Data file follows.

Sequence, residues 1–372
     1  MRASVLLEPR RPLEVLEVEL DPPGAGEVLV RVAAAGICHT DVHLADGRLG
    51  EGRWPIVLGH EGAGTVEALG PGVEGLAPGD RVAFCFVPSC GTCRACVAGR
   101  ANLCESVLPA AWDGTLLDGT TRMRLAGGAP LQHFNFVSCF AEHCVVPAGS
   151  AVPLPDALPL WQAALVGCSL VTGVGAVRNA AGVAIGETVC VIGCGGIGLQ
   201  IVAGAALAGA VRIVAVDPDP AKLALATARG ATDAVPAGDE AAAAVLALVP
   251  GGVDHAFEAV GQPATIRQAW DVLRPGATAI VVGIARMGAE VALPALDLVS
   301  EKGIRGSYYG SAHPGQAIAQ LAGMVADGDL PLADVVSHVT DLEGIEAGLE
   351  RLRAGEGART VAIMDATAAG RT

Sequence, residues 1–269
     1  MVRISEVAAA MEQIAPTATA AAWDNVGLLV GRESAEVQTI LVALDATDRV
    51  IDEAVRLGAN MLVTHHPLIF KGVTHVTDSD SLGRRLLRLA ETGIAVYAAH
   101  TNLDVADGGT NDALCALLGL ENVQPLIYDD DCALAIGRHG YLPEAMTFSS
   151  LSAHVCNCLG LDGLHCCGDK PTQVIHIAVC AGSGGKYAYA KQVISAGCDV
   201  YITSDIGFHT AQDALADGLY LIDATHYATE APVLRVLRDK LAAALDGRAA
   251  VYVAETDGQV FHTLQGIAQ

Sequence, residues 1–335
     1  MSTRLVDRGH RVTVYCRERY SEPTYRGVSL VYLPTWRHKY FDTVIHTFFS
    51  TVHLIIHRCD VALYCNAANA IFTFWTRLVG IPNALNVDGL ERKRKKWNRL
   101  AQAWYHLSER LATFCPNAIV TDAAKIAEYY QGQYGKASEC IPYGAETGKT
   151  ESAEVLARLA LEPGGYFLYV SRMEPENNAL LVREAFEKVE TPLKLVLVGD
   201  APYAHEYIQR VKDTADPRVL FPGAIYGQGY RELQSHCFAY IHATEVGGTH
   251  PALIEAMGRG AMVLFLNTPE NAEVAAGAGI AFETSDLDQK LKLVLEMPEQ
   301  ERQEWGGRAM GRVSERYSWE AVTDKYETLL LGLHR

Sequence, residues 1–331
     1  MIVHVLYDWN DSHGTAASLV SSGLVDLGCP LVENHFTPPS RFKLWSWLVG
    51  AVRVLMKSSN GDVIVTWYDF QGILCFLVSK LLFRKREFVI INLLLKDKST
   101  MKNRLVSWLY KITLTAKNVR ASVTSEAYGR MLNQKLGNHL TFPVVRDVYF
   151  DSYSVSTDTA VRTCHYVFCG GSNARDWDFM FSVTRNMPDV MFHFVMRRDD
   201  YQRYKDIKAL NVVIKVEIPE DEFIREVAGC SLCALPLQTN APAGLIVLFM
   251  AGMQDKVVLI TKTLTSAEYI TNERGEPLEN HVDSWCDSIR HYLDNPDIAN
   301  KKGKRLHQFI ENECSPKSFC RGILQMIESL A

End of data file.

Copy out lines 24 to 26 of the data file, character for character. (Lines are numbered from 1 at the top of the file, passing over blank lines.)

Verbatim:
   301  ERQEWGGRAM GRVSERYSWE AVTDKYETLL LGLHR

Sequence, residues 1–331
     1  MIVHVLYDWN DSHGTAASLV SSGLVDLGCP LVENHFTPPS RFKLWSWLVG